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In This Issue
Success Stories
Mercury Controls at Last
Campaign Update
A Boom in Fracking Threatens Communities Across America
Feature Stories
Big Oil Won't Let the Tar Sands Pipeline Die
NRDC, Redford Challenge Shell
Don't Frack the Catskills!
One Woman, Fighting for Justice, Turns Tragedy into Inspiration
Oil Companies Hijack Canadian Energy Decisions
NRDC Sues to Protect Whales from New Sonar Deployment
In The News
Cleaner Future for Cars
Online Features
Green Burials
This Green Life's Nature Map: Share Your Favorite Places!

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Photo of the Clearwater River, Alberta
Feature Story
Big Oil Won't Let the Tar Sands Pipeline Die

Just days after President Obama rejected a permit for the destructive Keystone XL tar sands pipeline, Republican leaders on Capitol Hill made clear that they would do everything in their power to raise this nightmarish project from the dead. As we go to press, they are threatening to hold hostage key legislation -- like the payroll tax relief bill or the transportation bill -- unless it contains a provision to approve the pipeline. The House has already passed legislation in committee to require approval of the project in 30 days. "It's no surprise they keep bringing this energy zombie back," said NRDC president Frances Beinecke. "The lawmakers behind it have collected millions in campaign contributions from Big Oil."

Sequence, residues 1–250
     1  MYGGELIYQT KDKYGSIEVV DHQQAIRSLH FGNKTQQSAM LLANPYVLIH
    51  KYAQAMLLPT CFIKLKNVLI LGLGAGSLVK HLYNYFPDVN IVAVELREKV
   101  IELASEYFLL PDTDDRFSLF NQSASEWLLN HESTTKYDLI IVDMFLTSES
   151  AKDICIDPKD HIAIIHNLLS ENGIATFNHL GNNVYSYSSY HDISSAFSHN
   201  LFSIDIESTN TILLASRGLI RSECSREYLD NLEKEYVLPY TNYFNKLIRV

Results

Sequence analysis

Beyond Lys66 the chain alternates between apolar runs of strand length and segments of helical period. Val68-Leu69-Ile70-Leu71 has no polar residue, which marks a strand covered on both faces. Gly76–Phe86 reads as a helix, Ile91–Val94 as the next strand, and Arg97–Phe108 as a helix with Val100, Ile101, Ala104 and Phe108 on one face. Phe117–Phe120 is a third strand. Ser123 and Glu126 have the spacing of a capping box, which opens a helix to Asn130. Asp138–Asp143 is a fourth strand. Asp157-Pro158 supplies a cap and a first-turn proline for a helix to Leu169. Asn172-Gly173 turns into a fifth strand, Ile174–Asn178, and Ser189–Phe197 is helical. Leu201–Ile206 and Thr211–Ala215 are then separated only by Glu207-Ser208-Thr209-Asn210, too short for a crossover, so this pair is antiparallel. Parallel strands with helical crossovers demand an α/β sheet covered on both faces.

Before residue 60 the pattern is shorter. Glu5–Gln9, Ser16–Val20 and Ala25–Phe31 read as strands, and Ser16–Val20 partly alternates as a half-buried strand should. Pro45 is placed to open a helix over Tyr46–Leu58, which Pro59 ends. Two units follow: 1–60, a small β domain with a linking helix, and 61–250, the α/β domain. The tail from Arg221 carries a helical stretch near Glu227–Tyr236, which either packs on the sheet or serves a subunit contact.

The Keystone XL would carry close to a million barrels a day of toxic tar sands oil from Alberta, Canada, to refineries on the Gulf coast of Texas. The production of tar sands oil, the world's dirtiest, spews three times more global warming pollution than does the production of conventional oil. The project would deliver billions in profits to the oil giants while threatening the American people with poisoned water, contaminated land and an overheating planet. Despite oil industry claims to the contrary, most of the tar sands oil would be exported from the United States, and a recent Cornell University study concludes that the pipeline could wind up killing more jobs than it creates.

For the second time in two months, NRDC has been waging a round-the-clock battle on Capitol Hill to stave off the oil industry's all-out attempt to resuscitate the Keystone XL. Last December, after President Obama decided not to approve the pipeline, Congress passed a measure forcing the president to decide the project's fate within 60 days, without the benefit of a full environmental review, and called in the oil lobby's biggest PR guns to ratchet up the pressure. Responding to a popular outcry, however, President Obama faced down the oil giants and rejected the pipeline's permit. It was a major victory for NRDC Members and online activists, who for years have fought the Keystone XL -- a victory that must now be defended all over again.

Above: Clearwater River, Alberta. It winds north through the tar sands, where forests like this are transformed into industrial wasteland.

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